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Record homeless toll results in £23m bill for temporary housing

By Cate McCurry

Published 03/11/2016

Disappointed: Tony McQuillan
Disappointed: Tony McQuillan

More than £23m has been spent on emergency housing in the last five years as the number of homeless people hit a record high.

The Northern Ireland Housing Executive (NIHE) forks out millions of pounds every year on bed and breakfasts, hotels, hostels and private rented accommodation for the thousands of people who present themselves as homeless.

Last year alone, 1,137 families sought emergency housing with many forced to stay in temporary accommodation for months at a time because of the lack of permanent houses.

The figures come after it emerged almost 600 people sought emergency homes in the last year because of intimidation.

The vast majority of cases - three in every four - involved paramilitaries.

In the past 10 years, a total of 6,261 people told the NIHE they were homeless through intimidation, and every year the number one reason given by applicants is paramilitary-connected.

Director of Shelter NI, Tony McQuillan, said the figures expose the "invisible homeless" problem in Northern Ireland.

"We are disappointed and very annoyed at these figures, but it shows the scale of things that's been happening for many years," he said.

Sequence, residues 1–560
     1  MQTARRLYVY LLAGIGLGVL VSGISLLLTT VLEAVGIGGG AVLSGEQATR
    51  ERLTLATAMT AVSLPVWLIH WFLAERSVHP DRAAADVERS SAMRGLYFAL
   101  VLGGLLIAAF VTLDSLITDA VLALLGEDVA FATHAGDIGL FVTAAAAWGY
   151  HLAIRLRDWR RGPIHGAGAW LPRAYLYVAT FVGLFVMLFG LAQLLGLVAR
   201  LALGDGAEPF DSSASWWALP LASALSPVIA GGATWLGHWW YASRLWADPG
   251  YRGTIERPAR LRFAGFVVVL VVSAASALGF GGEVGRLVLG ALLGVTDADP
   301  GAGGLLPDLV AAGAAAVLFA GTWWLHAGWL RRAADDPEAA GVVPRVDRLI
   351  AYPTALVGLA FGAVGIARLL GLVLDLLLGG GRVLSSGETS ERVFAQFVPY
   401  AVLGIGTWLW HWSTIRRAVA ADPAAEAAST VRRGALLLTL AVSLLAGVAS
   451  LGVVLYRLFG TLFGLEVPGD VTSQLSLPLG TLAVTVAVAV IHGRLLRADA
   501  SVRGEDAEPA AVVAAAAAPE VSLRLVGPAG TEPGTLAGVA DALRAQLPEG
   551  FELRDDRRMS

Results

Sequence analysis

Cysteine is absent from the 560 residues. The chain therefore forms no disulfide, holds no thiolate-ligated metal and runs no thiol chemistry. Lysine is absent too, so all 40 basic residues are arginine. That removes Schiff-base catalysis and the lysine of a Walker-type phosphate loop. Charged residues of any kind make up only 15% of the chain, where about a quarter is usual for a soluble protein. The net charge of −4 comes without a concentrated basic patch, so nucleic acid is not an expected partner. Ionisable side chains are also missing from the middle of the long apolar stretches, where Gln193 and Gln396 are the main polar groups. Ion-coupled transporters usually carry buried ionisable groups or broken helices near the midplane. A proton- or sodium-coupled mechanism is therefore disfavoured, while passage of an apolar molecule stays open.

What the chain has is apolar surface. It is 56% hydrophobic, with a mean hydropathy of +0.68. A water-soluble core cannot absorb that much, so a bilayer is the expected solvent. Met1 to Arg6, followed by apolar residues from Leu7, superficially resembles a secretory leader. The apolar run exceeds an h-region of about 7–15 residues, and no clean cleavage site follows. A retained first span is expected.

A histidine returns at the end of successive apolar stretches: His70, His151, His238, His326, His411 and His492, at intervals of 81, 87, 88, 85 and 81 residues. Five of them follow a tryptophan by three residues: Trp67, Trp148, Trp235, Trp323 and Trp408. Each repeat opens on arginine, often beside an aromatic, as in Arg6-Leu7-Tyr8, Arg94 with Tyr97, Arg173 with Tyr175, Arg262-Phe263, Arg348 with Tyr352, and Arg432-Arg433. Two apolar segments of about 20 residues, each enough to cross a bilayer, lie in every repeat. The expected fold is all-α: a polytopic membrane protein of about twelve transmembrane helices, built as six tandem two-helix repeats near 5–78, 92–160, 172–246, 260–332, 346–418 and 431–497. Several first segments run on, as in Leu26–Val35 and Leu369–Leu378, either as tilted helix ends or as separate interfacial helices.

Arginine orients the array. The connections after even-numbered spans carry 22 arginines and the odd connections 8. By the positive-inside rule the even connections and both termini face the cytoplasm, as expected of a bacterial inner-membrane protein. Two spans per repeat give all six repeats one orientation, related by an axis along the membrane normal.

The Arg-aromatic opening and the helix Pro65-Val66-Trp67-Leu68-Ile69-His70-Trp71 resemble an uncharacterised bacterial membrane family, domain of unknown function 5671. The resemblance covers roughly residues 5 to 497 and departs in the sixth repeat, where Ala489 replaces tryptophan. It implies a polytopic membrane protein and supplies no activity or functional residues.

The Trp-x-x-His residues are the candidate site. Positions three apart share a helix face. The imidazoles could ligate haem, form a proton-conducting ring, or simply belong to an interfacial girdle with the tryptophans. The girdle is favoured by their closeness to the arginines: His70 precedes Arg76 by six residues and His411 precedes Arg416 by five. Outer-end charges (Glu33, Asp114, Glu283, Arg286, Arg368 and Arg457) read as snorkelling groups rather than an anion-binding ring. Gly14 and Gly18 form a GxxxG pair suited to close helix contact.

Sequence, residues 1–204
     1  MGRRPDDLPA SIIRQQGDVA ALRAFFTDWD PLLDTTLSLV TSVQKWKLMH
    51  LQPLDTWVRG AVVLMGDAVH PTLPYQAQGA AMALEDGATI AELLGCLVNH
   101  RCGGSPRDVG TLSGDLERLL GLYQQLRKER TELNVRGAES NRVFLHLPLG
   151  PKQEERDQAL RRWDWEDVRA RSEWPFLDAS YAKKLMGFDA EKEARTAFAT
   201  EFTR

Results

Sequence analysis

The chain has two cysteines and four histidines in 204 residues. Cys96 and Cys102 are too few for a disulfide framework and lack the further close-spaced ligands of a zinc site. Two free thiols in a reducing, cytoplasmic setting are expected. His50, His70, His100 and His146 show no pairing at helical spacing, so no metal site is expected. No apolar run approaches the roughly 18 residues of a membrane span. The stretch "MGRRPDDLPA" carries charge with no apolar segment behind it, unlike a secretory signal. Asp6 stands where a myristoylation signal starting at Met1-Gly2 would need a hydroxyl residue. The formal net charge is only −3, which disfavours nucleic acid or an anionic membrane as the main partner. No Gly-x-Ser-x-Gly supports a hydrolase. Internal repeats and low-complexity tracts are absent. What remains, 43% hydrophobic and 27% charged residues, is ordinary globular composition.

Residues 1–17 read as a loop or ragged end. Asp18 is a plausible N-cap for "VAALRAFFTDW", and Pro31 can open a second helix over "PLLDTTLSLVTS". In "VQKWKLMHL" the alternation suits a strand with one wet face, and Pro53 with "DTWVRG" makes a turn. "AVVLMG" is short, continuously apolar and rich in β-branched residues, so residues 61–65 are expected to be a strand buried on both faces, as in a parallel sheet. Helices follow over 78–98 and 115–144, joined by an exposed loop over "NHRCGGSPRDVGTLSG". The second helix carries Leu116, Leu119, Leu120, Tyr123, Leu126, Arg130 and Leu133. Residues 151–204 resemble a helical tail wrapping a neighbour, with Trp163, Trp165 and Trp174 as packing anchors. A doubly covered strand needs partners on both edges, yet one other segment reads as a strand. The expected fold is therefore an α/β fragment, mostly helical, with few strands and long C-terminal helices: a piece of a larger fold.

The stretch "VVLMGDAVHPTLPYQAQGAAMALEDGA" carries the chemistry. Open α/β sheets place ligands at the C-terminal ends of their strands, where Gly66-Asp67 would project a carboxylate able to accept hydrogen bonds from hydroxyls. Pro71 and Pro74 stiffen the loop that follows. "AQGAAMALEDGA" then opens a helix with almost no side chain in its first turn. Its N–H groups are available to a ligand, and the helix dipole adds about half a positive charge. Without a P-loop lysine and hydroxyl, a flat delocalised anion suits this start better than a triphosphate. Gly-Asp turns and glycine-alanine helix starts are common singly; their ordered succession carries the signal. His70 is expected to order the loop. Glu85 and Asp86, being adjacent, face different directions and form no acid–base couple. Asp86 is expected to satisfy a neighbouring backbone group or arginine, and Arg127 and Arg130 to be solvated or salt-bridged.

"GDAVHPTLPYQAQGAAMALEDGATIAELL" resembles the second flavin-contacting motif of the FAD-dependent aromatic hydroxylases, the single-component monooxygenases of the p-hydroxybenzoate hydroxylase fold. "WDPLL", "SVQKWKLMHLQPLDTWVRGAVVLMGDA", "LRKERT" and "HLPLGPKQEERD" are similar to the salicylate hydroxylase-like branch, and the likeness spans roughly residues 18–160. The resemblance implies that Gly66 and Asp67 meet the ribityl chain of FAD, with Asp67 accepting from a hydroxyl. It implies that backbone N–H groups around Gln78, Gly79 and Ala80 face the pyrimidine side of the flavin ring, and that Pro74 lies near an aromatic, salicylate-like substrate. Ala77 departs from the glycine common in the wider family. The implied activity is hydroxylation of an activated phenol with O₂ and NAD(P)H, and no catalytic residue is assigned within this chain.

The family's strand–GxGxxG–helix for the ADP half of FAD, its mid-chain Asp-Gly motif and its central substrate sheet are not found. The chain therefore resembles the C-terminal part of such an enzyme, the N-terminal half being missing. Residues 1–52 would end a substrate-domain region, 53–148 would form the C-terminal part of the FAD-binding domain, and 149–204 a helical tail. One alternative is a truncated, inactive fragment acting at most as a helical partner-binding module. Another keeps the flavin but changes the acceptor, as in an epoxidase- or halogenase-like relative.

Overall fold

"The shock is that the local government is ignoring it. It's not a priority for them so they continue to spend this amount of money rather than spending it on new housing and that's really the problem - we do not have enough new housing."

Statistics from NIHE show that over £4.9m was spent on housing people who were considered homeless in 2015, an increase of £1m in four years.

By March last year, 11,202 people were listed as being homeless, the highest number since records began.

Mr McQuillan said the solution to the growing problem is not putting people into temporary housing but spending money on building new houses.

"There's a few people on the streets but we aren't tripping over them so the public doesn't think it's a major problem," he added.

"But now we can all see the scale of the problem and it's very significant. This is the invisible homelessness problem. We see a few lying on the street and we think that's the end, but it's the tip of a massive iceberg."

He said family breakdowns, children leaving home and people not being able to pay rent were major causes of homelessness.

Elderly people who need to have their home adapted also found themselves homeless because there is less money being made available to help.

He added: "Many families want to send their children to schools close to their home so they don't want to move far from the area they have been living in. All that kind of disruption is a nightmare and the chance of having private family time is much less. People have no security or knowledge of how long they are going to be staying at the temporary accommodation. All these people are being ignored and politicians seem to be happy to leave them there. We have a serious issue that is not being addressed in the new programme for government."

The figures also revealed that 78 members of the travelling community presented themselves as homeless in the last two years.

Families who last year sought emergency housing, with many having to stay in temporary accommodation for months because of a lack of permanent homes

People who, in the last 10 years, told the NIHE they were homeless through intimidation, three in every four of those cases involving paramilitaries

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